Ta-Nehisi Coates on the tribulations of being black in America
Coates didn't expect his long essay to become the runaway success it has but reckons he was lucky the national conversation turned in his direction
Ta-Nehisi Coates' Between the World and Me, a dark, angry and eloquent meditation on the state of being black in America, would seem a highly unlikely bestseller. And yet, since it was published in July, this slim book has been reprinted 12 times, as America agonised over a succession of deaths of black people at the hands of police. Coates, a senior correspondent for The Atlantic magazine, just won a MacArthur "genius" grant and the Kirkus Prize. The book is a National Book Award finalist in nonfiction. Coates talks to Mary Ann Gwinn about his sudden fame and growing up in Baltimore's dangerous neighborhoods.
Did you expect the reaction you got to the book?
No. I don't quite know what to make of it. I had no anticipation of the kind of success it's experienced. It just happened that the conversation [about the subject] was boiling. You can't know what the conversation is going to be.
I've read that this book was inspired by James Baldwin's The Fire Next Time, which was written in the form of a letter to his nephew. Yours is a letter to your teenaged son, Samori.
It was inspired by The Fire Next Time, more by its gravity than anything. I thought - why don't people write short, powerful books like this? I had a memory of myself as a young person, sitting in the Founder's Library at Howard University, and reading Baldwin's Fire cover to cover. I wanted a book that a young person could do that with. I wrote it three or four times before I came up with the idea of a letter to my son.
In the book you use the construct "The Dream". People who believe in it are "The Dreamers". The Dreamers are complicit, either actively or passively, in everything from police shootings to real estate redlining, which crowds blacks into substandard housing in dangerous neighborhoods. Can you elaborate?
The Dream is about the totality of white supremacy in American history and its cumulative weight on African Americans, and how one attempts to live with that. [Dreamers are the] people who buy into … that somehow America is all icing and birthday cake, and that we differ in that our founding was somehow more noble than that of other states.
You talk about how new immigrants to this country "were something else before they were white - Catholic, Corsican, Welsh, Mennonite, Jewish", but that "the process of washing the disparate tribes white" … was achieved "through the pillaging of life, liberty, labor and land". Why would people be willingly lumped, or lump themselves, into being "white"?
I think it's about national identity … I don't think whiteness is supportable, quite frankly. In this country, white is receiving the full privileges of the state. To be part of that, you have to make some sort of choice. Most immigrant groups have had to make a choice to participate in this country … they lose that other tag to become what's called white.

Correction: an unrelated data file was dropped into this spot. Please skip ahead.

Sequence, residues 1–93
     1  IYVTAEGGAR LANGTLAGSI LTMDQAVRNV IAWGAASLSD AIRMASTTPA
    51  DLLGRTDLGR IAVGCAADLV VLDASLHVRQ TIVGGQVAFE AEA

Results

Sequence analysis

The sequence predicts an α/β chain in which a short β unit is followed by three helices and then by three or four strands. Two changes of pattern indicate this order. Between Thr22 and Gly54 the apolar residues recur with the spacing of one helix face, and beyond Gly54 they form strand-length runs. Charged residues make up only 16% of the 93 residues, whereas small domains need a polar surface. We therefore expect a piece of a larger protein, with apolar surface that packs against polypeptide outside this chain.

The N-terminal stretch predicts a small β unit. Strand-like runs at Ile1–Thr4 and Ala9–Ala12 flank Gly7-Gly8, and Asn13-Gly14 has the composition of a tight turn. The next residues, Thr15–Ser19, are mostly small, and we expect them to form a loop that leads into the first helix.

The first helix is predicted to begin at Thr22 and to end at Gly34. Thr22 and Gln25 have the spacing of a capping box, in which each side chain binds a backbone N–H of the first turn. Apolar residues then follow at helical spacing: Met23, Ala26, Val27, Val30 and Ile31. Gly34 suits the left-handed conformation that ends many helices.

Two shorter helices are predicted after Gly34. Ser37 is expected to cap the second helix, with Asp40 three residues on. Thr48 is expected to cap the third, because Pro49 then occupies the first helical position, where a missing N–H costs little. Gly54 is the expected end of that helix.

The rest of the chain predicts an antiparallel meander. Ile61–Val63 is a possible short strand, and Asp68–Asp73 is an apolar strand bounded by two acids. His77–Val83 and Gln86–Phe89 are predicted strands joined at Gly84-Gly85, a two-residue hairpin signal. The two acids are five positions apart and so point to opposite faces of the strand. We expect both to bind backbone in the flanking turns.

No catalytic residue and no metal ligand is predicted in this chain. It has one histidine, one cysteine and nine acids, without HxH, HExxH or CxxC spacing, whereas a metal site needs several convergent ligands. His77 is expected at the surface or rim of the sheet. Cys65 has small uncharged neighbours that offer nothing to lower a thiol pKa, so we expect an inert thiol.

In the book you say that your upbringing in dangerous neighborhoods in Baltimore gave you a "stunted imagination" compared to your more sophisticated friends at Howard University. I might make the opposite case, that your upbringing and your trajectory into a different way of life is one thing that gives your writing its propulsive power.
That's very true. The confrontation with how much you don't know about the world, it can be bracing.
You also describe your mother's practice of making your write about your troubles at school, and how that helped you.
My mom was a teacher, and she was very insistent that we be good readers and good writers. The best thing I got from that was introspection. The how, the why and what not to do again.
In your youth, you expressed frustration and anger with the philosophy of nonviolence practised by civil rights activists, but by the end of the book you come to another opinion.
Because I came up outside the church, I never understood it, I wasn't raised in it. [But] violence simply isn't an option, no matter what. You are an American. That's the first thing you have to understand. It's your country. I think that's what I came to believe. The strain of [the Black Power movement] that looked at us as colonies - we were in fact Americans. Even when you feel like other folks are not doing their part, you are tied to it. You have a responsibility to participate in the political system without going to guns.
I thought your book was very powerful, but I was left with an overwhelming feeling that things are bleak and not likely to get better.
I don't think it will change in my lifetime or my child's lifetime. But my feeling is that this is a work of literature, and it's not the job of literature to make people feel great about themselves. It's not even the job to inspire people. One of my favourite pieces of art is The Wire. I don't read Joan Didion to feel better about the world. That is really the burden that people put on African-American writers. I ask to be judged by the same standards of any other work of art and literature.
Tribune News Service